PIX 515 Multiple Addresses Possible?

Discussion in 'Cisco' started by mk, May 12, 2004.

  1. mk

    mk Guest

    I am in the process of converting from an old IP range to a new range.
    Is it possible to allow both ranges to pass through the PIX?

    I know on the router you can assign a secondary IP to an interface.
    Can you do something simular on the PIX?

    Basically, I want to use two ranges of public IP's. I can't use NAT
    on the internal network.

    If I can't add a secondary IP, can I somehow map both IP's to go
    through the firewall?

    Thanks
    mk, May 12, 2004
    #1
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  2. mk

    Joce Guest

    mk wrote:

    > I am in the process of converting from an old IP range to a new range.
    > Is it possible to allow both ranges to pass through the PIX?
    >
    > I know on the router you can assign a secondary IP to an interface.
    > Can you do something simular on the PIX?
    >
    > Basically, I want to use two ranges of public IP's. I can't use NAT
    > on the internal network.
    >
    > If I can't add a secondary IP, can I somehow map both IP's to go
    > through the firewall?
    >
    > Thanks

    PIX doensn't support this.

    You could use a extra interface or setting up a trunk with two virtual
    interfaces.
    Joce, May 12, 2004
    #2
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  3. In article <>,
    mk <> wrote:
    :I am in the process of converting from an old IP range to a new range.
    : Is it possible to allow both ranges to pass through the PIX?

    Yes.


    :I know on the router you can assign a secondary IP to an interface.
    :Can you do something simular on the PIX?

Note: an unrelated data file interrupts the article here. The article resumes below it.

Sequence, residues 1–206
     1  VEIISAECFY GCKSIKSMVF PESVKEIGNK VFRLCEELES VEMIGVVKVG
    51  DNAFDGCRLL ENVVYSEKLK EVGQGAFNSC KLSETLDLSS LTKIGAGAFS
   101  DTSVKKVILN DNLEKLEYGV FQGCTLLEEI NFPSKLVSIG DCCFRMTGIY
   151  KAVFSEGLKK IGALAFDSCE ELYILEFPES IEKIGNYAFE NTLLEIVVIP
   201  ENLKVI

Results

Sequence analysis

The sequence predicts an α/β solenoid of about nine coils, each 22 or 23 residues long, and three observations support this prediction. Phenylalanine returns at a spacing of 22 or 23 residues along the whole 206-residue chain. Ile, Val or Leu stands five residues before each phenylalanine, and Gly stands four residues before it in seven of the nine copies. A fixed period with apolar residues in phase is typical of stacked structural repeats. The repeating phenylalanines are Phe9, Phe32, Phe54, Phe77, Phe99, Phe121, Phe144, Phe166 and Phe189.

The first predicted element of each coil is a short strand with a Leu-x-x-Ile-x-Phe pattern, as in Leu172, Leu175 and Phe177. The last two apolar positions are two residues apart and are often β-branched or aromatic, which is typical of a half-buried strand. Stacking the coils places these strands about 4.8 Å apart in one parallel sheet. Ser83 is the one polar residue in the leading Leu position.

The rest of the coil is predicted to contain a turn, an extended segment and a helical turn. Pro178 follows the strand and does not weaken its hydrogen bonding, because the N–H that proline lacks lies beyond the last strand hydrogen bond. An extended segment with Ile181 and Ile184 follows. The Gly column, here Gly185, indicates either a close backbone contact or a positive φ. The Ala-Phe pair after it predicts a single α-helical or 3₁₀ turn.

No.


    :Basically, I want to use two ranges of public IP's. I can't use NAT
    :eek:n the internal network.

    :If I can't add a secondary IP, can I somehow map both IP's to go
    :through the firewall?

    Yes. Just ensure that the second IP range is routed to the PIX
    outside address in the first range. After that, any static/nat's
    you have will take care of allowing the IPs to be accepted. If the
    IPs are going to different interfaces then you do not need to do
    anything else. If the IPs are going to the same interface, then you
    will need to add at least one 'route' statement to point the second
    range to the appropriate router behind the desired interface.

    We have several IP ranges hiding behind a single interface on our main
    PIX.

    The 'No' answers I gave above have to do with the fact that you
    cannot get the PIX *itself* to respond to multiple IP addresses on
    the same logical interface. For example, you wouldn't be able to
    ssh to the PIX or ping the PIX -itself- with two different IPs.

    [Note: if you are running a new enough version of PIX, then on
    the 515 and higher models, you can have multiple logical interfaces
    on the same physical interface, by using VLANs. Each logical interface
    should be a different security level.]
    --
    *We* are now the times. -- Wim Wenders (WoD)
    Walter Roberson, May 12, 2004
    #3
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